A lifelong ILPer, Alf Mattison is best known as a local historian, and for his Leeds Labour archives, the source of much material on the movement’s early years in the city. MICHAEL MEADOWCROFT seeks to rescue the man from the footnotes.
Socialism has always needed its scribes and its archivists. Alf Mattison was both, and without him Labour history in Leeds would be much the poorer. Virtually every account of socialism in the 19th and early 20th century uses Mattison’s diaries and notebooks but never dwells on Mattison the man.
He became involved in the tribulations within a tiny band of Leeds socialists following the split of the Socialist League from the Social Democratic Federation (SDF) in 1885 and was present at the inaugural ILP conference in 1893. He remained with the ILP after its disaffiliation from the Labour Party in 1932 and, despite his lifelong involvement and activism, Mattison remains a shadowy figure, always in the background.
Alf – always ‘Alf’ and never ‘Alfred’ – was born in Hunslet in 1868, the son of a locomotive engineer and the grandson of the lockkeeper at Thwaite’s Lock at nearby Rothwell. His mother was from Huddersfield where she had been in the textile trade. Alf was the third of eight children (one other child had died in infancy) and was the elder son. The whole family were squeezed into back-to-back houses until, in the mid-1880s, they were able to move to a through terrace, still in Hunslet.
By this time Alf was apprenticed to the engineering trade at the same workplace as his father. His father died in 1890 but Alf remained an engineer for a further 16 years until he became a clerk in the city’s tramways department. Whilst at the Hunslet Engine Company he was part of a seven month lockout of engineering workers.
Mattison had an early experience of political activism when in December 1877, at the age of nine, he was present on Hunslet Moor when a crowd of 40,000 gathered to support and assist an agitator in the campaign to make the Middleton Railway remove a line laid across the moor, regarded as an infringement of the rights of commoners.
He attended the local Jack Lane school and at the age of 11 began work as a half-timer in a wool mill. Two years later, in 1881, as an inquisitive teenager, Mattison was on the edge of the huge crowd gathered to hear Gladstone speak at the Coloured Cloth Hall – roughly on the site of today’s Leeds City Square – and managed to fall through the railings. He was then transported over the heads of the crowd to the front of the rally.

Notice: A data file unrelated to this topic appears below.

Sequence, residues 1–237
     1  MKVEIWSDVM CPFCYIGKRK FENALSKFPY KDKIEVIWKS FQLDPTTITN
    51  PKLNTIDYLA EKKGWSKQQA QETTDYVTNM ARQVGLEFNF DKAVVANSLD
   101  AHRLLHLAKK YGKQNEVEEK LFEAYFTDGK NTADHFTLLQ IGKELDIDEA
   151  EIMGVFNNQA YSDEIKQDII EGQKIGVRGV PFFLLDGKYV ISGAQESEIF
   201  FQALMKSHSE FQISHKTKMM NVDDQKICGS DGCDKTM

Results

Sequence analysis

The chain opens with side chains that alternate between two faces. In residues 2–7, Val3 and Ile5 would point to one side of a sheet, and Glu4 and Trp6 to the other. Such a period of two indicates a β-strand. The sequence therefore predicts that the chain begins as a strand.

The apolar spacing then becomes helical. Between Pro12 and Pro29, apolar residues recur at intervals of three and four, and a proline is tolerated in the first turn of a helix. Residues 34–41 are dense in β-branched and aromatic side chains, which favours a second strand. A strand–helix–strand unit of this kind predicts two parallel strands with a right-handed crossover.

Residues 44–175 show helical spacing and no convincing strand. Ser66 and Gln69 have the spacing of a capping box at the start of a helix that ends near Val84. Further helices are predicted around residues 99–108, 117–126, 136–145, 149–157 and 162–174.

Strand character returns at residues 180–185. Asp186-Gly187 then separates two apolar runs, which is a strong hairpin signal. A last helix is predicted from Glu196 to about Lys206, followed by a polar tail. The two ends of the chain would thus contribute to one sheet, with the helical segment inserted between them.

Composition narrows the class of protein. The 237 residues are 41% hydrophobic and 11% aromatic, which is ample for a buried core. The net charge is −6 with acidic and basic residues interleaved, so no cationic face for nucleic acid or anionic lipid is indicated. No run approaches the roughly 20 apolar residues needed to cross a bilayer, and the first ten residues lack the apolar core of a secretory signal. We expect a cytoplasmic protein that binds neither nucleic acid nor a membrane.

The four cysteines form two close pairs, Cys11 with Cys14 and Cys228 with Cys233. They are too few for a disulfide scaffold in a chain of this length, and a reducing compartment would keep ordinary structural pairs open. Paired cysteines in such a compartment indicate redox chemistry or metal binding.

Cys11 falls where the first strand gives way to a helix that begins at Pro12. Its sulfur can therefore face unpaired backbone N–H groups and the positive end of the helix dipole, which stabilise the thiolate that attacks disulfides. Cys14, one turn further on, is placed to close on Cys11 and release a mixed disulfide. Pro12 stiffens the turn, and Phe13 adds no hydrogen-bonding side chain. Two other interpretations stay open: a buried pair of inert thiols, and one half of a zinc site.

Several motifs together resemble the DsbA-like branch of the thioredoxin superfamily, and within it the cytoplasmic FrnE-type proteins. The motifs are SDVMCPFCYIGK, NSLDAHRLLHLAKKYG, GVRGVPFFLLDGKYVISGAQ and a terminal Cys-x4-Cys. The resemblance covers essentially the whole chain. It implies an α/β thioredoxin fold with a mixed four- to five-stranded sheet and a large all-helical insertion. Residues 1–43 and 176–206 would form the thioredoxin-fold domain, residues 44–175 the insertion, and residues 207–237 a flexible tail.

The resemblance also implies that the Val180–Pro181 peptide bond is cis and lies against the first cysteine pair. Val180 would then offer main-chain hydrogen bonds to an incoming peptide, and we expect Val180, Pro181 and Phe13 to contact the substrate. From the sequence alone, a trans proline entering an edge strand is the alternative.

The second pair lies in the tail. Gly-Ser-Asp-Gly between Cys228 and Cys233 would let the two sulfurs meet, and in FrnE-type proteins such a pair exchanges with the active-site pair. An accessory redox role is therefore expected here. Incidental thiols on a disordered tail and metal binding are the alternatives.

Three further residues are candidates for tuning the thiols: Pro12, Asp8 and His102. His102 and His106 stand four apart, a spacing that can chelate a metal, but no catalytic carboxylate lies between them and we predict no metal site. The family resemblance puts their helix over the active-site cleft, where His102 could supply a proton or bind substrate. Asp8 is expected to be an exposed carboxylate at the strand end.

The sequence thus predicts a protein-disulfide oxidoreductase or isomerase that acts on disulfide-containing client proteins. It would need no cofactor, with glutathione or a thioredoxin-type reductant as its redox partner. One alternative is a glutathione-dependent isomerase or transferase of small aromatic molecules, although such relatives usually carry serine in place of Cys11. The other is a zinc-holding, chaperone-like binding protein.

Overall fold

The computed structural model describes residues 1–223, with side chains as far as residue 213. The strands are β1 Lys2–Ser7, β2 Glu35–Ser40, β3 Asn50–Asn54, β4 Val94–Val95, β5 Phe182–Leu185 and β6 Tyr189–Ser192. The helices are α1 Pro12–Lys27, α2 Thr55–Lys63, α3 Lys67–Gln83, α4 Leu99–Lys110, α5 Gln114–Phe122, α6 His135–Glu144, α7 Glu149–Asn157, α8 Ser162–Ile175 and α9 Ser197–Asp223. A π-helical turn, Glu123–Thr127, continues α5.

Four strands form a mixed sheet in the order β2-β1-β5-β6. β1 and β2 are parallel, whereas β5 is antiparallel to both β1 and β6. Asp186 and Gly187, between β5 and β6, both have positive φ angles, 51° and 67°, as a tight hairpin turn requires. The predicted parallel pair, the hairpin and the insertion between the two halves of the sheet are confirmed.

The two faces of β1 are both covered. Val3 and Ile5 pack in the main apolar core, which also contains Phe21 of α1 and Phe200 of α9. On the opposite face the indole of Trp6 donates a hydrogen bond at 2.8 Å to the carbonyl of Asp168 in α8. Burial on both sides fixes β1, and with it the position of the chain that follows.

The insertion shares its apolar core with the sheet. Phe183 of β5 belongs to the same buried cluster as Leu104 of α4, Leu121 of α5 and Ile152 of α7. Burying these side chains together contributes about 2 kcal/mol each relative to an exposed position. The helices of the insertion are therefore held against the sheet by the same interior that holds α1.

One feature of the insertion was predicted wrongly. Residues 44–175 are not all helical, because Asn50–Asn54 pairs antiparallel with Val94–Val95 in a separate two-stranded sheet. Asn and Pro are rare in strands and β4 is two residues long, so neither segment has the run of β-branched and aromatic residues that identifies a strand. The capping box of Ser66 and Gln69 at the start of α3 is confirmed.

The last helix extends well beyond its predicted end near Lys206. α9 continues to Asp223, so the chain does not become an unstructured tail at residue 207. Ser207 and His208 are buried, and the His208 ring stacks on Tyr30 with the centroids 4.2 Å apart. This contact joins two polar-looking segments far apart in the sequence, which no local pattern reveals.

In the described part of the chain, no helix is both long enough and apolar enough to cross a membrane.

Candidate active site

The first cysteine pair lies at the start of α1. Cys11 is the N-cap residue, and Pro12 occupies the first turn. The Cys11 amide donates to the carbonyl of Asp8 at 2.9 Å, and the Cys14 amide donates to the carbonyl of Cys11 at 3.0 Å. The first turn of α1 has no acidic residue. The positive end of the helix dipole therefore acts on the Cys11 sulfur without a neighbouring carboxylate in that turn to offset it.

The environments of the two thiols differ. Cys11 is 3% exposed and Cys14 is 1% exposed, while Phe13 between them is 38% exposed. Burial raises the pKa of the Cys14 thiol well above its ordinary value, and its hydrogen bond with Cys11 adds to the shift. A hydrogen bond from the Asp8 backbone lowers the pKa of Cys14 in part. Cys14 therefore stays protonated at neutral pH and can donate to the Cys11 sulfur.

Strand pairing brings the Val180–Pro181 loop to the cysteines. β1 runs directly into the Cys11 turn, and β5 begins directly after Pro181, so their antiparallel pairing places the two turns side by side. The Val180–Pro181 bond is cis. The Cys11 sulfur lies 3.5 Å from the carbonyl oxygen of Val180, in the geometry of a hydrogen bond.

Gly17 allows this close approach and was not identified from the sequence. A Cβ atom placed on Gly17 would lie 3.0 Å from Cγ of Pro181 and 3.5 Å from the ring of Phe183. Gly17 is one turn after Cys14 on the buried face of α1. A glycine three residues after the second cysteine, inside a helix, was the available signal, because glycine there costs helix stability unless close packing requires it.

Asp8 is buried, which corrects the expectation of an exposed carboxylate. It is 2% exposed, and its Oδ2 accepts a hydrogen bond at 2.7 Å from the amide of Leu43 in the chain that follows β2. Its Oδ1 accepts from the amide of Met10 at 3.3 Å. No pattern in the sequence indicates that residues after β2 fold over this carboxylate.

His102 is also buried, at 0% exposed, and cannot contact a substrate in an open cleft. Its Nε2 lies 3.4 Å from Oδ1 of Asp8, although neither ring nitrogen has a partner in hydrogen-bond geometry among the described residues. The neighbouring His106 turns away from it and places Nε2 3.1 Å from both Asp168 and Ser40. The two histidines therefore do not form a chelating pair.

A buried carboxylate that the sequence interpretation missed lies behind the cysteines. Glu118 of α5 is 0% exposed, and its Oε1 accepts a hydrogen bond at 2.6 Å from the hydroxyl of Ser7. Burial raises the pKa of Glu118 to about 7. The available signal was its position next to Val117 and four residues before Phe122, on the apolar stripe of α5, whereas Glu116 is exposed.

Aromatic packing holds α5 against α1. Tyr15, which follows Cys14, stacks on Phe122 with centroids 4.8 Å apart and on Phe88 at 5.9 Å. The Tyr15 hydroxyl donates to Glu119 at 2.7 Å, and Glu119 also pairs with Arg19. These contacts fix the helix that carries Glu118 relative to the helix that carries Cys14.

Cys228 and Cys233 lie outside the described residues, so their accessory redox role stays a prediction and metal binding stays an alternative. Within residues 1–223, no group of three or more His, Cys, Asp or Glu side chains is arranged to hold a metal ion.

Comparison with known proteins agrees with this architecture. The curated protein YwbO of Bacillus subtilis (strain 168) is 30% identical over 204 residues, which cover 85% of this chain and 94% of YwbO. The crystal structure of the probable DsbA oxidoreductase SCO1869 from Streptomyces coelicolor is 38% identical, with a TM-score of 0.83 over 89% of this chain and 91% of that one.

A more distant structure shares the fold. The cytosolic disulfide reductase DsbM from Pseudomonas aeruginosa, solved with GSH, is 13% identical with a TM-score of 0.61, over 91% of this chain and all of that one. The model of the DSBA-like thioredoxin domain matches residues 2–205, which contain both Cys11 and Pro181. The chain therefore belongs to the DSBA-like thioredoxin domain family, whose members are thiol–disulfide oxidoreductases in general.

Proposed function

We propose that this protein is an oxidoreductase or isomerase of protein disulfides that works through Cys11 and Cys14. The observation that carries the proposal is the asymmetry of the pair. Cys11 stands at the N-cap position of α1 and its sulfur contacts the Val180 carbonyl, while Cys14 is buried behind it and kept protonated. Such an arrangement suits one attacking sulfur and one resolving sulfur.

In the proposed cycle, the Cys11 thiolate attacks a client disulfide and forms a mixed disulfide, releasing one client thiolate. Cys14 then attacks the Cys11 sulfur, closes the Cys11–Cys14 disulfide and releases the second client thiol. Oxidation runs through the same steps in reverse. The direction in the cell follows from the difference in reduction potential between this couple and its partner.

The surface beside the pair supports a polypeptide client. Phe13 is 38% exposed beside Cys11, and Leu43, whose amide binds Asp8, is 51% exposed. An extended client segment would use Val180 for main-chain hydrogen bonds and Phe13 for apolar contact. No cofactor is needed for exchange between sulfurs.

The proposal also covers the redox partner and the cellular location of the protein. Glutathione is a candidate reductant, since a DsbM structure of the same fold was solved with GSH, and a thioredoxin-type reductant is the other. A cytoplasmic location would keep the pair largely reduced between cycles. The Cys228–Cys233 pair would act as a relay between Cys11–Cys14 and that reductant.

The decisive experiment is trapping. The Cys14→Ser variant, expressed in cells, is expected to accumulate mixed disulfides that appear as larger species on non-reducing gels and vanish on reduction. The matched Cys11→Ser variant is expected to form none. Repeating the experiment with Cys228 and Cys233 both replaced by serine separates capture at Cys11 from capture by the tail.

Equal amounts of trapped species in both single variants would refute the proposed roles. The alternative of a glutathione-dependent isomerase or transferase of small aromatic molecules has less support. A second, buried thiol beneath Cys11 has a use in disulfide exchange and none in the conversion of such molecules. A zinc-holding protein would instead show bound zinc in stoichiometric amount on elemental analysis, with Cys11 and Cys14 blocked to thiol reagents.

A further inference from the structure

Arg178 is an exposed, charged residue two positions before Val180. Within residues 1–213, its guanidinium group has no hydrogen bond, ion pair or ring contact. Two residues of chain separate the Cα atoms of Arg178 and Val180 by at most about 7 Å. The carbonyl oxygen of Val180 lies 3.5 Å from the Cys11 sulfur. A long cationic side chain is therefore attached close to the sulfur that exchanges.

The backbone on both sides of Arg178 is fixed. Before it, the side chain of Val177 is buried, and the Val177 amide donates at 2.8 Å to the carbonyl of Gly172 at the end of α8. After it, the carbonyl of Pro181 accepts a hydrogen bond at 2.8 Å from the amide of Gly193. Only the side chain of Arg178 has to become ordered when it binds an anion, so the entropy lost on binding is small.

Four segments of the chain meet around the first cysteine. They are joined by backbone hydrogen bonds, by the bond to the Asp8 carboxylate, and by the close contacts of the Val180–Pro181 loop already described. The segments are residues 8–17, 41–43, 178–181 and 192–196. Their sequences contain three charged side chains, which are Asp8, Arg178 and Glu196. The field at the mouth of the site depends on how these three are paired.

One Sunday afternoon early in 1886, walking through the centre of Leeds, Mattison arrived at Vicars Croft, a space by the central market noted for its open air speakers:
“…. my attention was attracted by a pale but pleasant-featured young fellow, who in a clear voice was speaking to a motley crowd. After listening for a while I began to feel a strange sympathy with his remarks, and – what is more – a sudden liking for the speaker; and I remember how impatiently I waited for his reappearance on the following Sunday. A few months later and I joined ‘the feeble band, the few’ and became a member of the Leeds branch of the Socialist League.”(1)
The young man in question was Tom Maguire, a remarkable individual and a mythical figure in Leeds socialism. Only a couple of years older than Mattison, he had, entirely through his own reading, arrived at socialist views and secularism. He eked out a living as a photographer’s assistant but his main occupation was as a writer and poet for socialist journals. He gave three open air lectures every Sunday, plus two or three others during the week.
In 1884 Maguire had joined first Henry Hyndman’s SDF and set up a branch in Leeds. Hyndman was too autocratic for many of his erstwhile followers and the Leeds party split to set up a Leeds branch of the Socialist League, an organisation inspired by the socialist and somewhat mystical William Morris. All this is painstakingly recorded by Mattison, and the published histories duly follow his lead and trace the evolution of socialism in Leeds as if there was a large party. In fact, Mattison records that when they took stock of their Socialist League branch there were precisely 18 of them.
Maguire died of pneumonia at the age of 29 in a house lacking any means of heating and without any real food. Mattison was one of the two comrades who had gone round to his house to find out why he had not turned up for a meeting. He records movingly in his diary the immediate efforts they made to secure fuel and food, but he continues:
“It is to the everlasting regret of his friends that help and succour did not come to him sooner. The probability is that he might have been spared longer.”(2)
Maguire’s funeral was a remarkable event with 400 mourners accompanying the coffin on foot from his home in Burmantofts, while a thousand were present at the cemetery. Mattison was one of the speakers at the service. Maguire’s death was a huge blow to the Leeds socialist movement and it made it vulnerable to the excessive influence of demagogues such as John Lincoln Mahon.(3) It was up to Mattison and a few others, such as fellow engineer Arthur Shaw, to hold the group together.
Five years before Maguire’s death he and Mattison had been instrumental in providing the logistical underpinning to the organisation of the Leeds gasworkers who were fighting against the Liberal-controlled city council’s attempt to reduce their pay and increase their working hours.
Throughout his life Mattison invariably took on secretarial duties – and those of election agent – rather than being a ‘frontline activist’. He clearly recognised that this was his metier and it was certainly vital to the work and he was respected by his colleagues.
Incidentally, his wife Florrie, whom he married in 1902, was completely different. Always the fiery activist, she stood unsuccessfully four times as a municipal candidate and managing to be expelled from the Labour Party in 1952 at the age of 75 for going on a peace movement visit to Moscow sponsored by an organisation that, according to Labour, was Communist-led.(4) Towards the end of her life she did join the Communist Party.